Skip to main content

The eye’s ray - Sefer Memşoğlu

Project Spaces Bradwolff Projects

Oetewalerstraat 73
1093 MD Amsterdam

Open Thu - Sat / 13 - 17 hrs
+by appointment 

Exhibition 19 Nov — 17 Dec

Opening 19 Nov, 16-18 hrs


Light is everywhere; it surrounds us. But how can we see light if we cannot see without light? A poetic and philosophical approach to an omnipresent phenomenon is central to Sefer Memişoğlu solo exhibition at Bradwolff Projects, Amsterdam. The Eye’s Ray is part of the ‘to remind you’ project, which consists of the solo presentations of Thierry Oussou, Aliansyah Caniago and Sefer Memişoğlu; reflecting our collective (multi-) cultural memory.

Curator Sanneke Huisman invited Memişoğlu; the presentations by Thierry Oussou and Aliansyah Caniago are realized in collaboration with and on the invitation of curators Ashley Swagers and Christine van den Bergh. The title of the exhibition is derived from the essay of the same name by Italo Calvino; in The Eye’s Ray, the Italian writer and journalist describes the eye as the basis of the human brain and therefore of human thinking and acting. Calvino goes back to the origin of scientific thinking about the eye, which is remarkably inventive. Early scientists claimed that the act of seeing was performed by luminous arrows coming from the brain; they described light as a spiritual force that actively illuminated the outside world.

Using these and other possible interpretations as a starting point, Memişoğlu presents an overview of his work. Calvino’s visual analysis of sight and light is reminiscent of cinema and photography techniques, allowing light rays to create a print or an illuminated illusion in time. Black and white photography and cinema are preceded by paintings full of light-dark contrast, clair-obscur, or rock paintings created by firelight. In line with Memişoğlu’s fascination with art history, the myth of Prometheus is also an important source of inspiration. This Titan from Greek mythology descended into a darkened world to bring fire to humanity. Prometheus taught man to make steel, thus making it possible for civilization to be born. However, fire also brought the possibility of destruction. The resulting civilization that was created from this was also immediately endangered. Where there is light there is darkness too.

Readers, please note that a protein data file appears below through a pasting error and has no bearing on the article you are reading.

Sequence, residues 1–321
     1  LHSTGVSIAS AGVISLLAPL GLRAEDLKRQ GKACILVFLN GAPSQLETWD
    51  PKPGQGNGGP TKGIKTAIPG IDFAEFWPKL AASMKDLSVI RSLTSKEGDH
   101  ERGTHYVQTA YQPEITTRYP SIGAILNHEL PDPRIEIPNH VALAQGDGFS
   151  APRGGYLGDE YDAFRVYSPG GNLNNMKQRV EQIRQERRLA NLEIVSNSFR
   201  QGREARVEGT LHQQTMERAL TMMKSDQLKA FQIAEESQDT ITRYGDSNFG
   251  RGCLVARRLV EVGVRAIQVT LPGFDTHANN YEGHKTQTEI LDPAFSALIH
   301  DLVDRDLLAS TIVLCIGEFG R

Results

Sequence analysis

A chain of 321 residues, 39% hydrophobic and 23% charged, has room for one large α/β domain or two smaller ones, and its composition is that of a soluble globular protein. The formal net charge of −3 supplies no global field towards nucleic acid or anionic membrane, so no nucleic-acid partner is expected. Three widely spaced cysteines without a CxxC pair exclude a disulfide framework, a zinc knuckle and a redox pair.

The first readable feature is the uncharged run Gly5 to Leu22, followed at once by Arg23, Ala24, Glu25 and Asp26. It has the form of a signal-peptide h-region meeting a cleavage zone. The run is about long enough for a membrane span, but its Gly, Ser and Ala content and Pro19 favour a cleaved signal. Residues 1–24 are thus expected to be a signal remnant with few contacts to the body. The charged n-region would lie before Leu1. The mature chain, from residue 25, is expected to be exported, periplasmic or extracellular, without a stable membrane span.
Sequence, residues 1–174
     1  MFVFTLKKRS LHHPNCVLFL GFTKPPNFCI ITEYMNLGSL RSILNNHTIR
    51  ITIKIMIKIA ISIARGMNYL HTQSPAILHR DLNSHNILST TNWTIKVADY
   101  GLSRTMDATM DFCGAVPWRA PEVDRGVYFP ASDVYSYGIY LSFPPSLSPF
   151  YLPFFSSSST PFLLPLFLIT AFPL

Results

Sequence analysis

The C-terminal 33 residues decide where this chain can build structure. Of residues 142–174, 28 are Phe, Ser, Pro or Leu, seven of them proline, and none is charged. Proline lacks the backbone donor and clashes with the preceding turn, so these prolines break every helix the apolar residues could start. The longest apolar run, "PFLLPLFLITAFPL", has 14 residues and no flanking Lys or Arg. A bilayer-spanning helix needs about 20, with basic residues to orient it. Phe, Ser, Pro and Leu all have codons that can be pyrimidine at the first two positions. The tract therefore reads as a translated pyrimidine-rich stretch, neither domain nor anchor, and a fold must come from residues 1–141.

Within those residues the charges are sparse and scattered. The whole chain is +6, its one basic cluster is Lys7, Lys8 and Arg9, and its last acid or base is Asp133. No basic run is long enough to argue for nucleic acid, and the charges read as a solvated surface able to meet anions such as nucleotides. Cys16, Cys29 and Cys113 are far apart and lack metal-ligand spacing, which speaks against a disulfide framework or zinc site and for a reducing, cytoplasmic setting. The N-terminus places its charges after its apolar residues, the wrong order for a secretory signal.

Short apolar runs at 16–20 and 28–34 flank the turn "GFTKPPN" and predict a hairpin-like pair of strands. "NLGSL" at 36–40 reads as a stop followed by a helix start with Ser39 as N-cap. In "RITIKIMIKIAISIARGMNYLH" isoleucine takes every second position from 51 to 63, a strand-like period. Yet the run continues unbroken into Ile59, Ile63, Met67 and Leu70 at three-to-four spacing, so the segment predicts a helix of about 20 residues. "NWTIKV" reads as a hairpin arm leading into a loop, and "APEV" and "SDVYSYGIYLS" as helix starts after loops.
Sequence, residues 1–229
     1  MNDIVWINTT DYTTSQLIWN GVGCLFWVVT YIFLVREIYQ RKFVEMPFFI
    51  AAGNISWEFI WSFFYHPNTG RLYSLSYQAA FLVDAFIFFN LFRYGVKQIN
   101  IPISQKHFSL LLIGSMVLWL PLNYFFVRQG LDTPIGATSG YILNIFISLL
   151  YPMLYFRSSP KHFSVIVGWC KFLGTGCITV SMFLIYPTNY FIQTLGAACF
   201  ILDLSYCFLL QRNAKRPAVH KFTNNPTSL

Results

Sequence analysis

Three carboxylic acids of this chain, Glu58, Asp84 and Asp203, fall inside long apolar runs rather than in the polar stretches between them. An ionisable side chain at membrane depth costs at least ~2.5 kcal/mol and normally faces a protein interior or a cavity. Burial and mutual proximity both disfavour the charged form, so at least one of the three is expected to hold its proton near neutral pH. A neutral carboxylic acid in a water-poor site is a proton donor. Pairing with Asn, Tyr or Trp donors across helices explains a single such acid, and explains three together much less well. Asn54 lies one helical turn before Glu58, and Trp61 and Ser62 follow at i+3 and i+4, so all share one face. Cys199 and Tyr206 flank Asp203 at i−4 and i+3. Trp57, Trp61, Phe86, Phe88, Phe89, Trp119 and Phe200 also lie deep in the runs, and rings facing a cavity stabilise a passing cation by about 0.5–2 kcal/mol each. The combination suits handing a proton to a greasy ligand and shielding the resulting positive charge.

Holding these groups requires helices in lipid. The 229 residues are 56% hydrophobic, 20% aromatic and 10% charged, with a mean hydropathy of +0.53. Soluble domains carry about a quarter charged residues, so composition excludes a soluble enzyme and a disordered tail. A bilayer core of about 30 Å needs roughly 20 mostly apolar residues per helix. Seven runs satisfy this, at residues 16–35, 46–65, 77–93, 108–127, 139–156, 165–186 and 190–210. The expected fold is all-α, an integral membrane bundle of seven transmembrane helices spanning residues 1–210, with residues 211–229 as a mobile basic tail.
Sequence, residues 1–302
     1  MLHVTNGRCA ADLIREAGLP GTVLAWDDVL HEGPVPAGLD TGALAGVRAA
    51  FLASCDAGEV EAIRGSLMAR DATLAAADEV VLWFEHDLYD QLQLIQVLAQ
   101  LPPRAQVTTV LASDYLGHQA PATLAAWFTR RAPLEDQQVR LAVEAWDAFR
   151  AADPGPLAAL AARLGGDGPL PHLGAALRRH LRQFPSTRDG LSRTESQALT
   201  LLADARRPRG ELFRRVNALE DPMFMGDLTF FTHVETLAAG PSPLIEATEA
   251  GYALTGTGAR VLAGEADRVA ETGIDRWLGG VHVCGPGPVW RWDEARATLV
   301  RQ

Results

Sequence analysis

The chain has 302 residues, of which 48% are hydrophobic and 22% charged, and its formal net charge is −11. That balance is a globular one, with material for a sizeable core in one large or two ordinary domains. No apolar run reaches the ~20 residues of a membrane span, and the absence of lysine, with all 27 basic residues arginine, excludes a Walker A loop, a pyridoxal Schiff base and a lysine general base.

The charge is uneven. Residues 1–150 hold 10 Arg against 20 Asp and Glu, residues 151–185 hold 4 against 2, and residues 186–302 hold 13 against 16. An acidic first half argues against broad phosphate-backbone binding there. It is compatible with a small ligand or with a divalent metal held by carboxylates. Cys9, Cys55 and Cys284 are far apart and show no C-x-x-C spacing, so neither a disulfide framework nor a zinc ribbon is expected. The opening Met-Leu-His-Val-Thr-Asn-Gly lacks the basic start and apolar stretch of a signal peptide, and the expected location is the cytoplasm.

The works in The Eye’s Ray hark back to these great stories, but at the same time create a new visual language. In a variety of disciplines, including video, drawing and sculpture, light returns as a leading theme. The objects appear as expressive and mysterious fragments from an unknown story. It is up to the visitor to let the light shine.

The oeuvre of Sefer Memişoğlu (1977, Istanbul) moves between photography, sound, film and drawing. The artist always works in one discipline at a time. Starting from concept or theory, he gives shape to an object through his body. The physical act of drawing, filming or photographing is of great importance. Body, medium and concept reveal a reality that would otherwise remain invisible. This conceptual approach makes the work less direct, but no less involved.

Sanneke Huisman studied art history and works as a critic and curator. She has been working with Sefer Memişoğlu for some time now. The layered method and the (art) historical consciousness in his work speak to her: “Sefer gives myths, customs and stories current value. Mysterious symbolism, conceptual art and love for material come together in his work as an art-historical synthesis.”




Other events

Galleries The Merchant House

Fri / 12-19.30 hrs + by appointment 

Date 20 Apr - 8 Jul

Opening Friday 20 Apr
19 - 21 hrs

Project Spaces W139

Mon - Sun / 12-18 hrs

Date 23 Mar - 29 Apr

Opening Friday 23 Mar
20 - 1 hrs

Museums/Institutes Stedelijk Museum Amsterdam

Daily 10-18 hrs
Fri 10-22 hrs

Date 27 Jan - 3 Jun

Opening Friday 26 Jan
18 - 20 hrs

Still from Mad Masters, 2017. Image courtesy of Stefan Tcherepnin.

Museums/Institutes Foam

Mon - Wed / 10-18 hrs
Thu - Fri / 10-21 hrs
Sat - Sun / 10-18 hrs

Date 20 Apr

Time 18 - 19:30 hrs

Courtesy of Daniëlle van Ark